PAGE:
University of Maryland researchers contribute to historic detection of gravitational waves and light created by event

On August 17, 2017, at 12:41:04 UTC, scientists made the first direct observation of a merger between two neutron stars--the dense, collapsed cores that remain...

Im Focus: Breaking: the first light from two neutron stars merging

Seven new papers describe the first-ever detection of light from a gravitational wave source. The event, caused by two neutron stars colliding and merging together, was dubbed GW170817 because it sent ripples through space-time that reached Earth on 2017 August 17. Around the world, hundreds of excited astronomers mobilized quickly and were able to observe the event using numerous telescopes, providing a wealth of new data.

Previous detections of gravitational waves have all involved the merger of two black holes, a feat that won the 2017 Nobel Prize in Physics earlier this month....

Im Focus: Smart sensors for efficient processes

Material defects in end products can quickly result in failures in many areas of industry, and have a massive impact on the safe use of their products. This is why, in the field of quality assurance, intelligent, nondestructive sensor systems play a key role. They allow testing components and parts in a rapid and cost-efficient manner without destroying the actual product or changing its surface. Experts from the Fraunhofer IZFP in Saarbrücken will be presenting two exhibits at the Blechexpo in Stuttgart from 7–10 November 2017 that allow fast, reliable, and automated characterization of materials and detection of defects (Hall 5, Booth 5306).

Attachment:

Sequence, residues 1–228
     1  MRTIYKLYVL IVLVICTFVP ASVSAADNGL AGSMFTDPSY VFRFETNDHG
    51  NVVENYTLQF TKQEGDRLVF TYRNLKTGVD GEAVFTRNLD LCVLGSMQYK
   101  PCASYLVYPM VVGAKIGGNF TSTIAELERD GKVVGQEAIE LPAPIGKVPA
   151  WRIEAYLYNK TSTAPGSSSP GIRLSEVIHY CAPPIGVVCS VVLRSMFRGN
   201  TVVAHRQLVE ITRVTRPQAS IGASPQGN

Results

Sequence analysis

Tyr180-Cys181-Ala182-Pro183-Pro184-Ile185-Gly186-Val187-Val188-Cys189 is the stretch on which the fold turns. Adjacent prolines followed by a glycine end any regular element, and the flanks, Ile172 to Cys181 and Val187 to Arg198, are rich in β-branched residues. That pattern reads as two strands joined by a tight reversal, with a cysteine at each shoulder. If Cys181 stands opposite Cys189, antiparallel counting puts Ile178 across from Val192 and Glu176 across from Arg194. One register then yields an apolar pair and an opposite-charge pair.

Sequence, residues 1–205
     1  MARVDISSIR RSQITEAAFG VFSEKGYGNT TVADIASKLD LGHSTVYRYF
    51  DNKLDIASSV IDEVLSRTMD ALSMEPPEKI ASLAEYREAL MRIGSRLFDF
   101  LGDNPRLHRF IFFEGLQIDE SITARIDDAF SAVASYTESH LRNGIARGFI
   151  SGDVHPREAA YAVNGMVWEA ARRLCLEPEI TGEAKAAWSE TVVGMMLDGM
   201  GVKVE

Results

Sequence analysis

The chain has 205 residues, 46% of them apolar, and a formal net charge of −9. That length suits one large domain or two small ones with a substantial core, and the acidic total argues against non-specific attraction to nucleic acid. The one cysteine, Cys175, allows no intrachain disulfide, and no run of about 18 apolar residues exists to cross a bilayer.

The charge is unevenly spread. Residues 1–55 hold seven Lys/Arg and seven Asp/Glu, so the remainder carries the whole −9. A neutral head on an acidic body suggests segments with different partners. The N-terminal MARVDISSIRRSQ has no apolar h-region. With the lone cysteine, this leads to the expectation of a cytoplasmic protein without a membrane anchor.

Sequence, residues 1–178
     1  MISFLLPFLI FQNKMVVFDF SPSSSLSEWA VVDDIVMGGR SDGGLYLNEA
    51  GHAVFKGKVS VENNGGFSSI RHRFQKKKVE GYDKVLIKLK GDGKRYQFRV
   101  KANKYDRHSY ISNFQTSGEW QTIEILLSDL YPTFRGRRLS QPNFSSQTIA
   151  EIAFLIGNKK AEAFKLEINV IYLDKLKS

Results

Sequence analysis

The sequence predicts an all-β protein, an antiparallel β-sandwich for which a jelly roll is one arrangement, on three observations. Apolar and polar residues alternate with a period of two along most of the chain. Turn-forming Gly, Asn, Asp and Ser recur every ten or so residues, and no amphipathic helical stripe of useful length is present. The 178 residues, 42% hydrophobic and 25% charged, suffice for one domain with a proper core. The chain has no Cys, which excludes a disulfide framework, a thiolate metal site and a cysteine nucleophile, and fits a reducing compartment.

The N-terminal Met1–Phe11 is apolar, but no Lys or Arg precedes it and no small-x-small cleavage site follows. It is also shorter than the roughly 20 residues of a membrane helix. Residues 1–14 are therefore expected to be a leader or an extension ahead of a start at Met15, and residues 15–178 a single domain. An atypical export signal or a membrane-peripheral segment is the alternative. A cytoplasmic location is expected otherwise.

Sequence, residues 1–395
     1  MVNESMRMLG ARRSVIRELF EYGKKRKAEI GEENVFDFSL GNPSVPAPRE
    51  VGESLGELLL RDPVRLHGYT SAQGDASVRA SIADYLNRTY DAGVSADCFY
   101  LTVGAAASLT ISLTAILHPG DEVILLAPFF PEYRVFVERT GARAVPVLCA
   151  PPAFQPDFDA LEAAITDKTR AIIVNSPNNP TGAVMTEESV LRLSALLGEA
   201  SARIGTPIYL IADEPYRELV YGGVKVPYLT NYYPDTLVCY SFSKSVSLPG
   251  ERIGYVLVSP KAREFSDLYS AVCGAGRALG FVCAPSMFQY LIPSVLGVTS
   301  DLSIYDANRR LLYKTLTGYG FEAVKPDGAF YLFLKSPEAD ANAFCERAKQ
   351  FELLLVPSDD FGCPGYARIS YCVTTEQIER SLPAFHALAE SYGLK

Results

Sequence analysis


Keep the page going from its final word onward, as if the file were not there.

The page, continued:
When quality testing uses time-consuming destructive test methods, it can result in enormous costs due to damaging or destroying the products. And given that...

Im Focus: Cold molecules on collision course

Using a new cooling technique MPQ scientists succeed at observing collisions in a dense beam of cold and slow dipolar molecules.

How do chemical reactions proceed at extremely low temperatures? The answer requires the investigation of molecular samples that are cold, dense, and slow at...

Im Focus: Shrinking the proton again!

Scientists from the Max Planck Institute of Quantum Optics, using high precision laser spectroscopy of atomic hydrogen, confirm the surprisingly small value of the proton radius determined from muonic hydrogen.

It was one of the breakthroughs of the year 2010: Laser spectroscopy of muonic hydrogen resulted in a value for the proton charge radius that was significantly...

All Focus news of the innovation-report >>>



Event News

ASEAN Member States discuss the future role of renewable energy

17.10.2017 | Event News

World Health Summit 2017: International experts set the course for the future of Global Health

10.10.2017 | Event News

Climate Engineering Conference 2017 Opens in Berlin

10.10.2017 | Event News

Latest News

Electrode materials from the microwave oven

19.10.2017 | Materials Sciences

New material for digital memories of the future

19.10.2017 | Materials Sciences

Physics boosts artificial intelligence methods

19.10.2017 | Physics and Astronomy

More VideoLinks >>>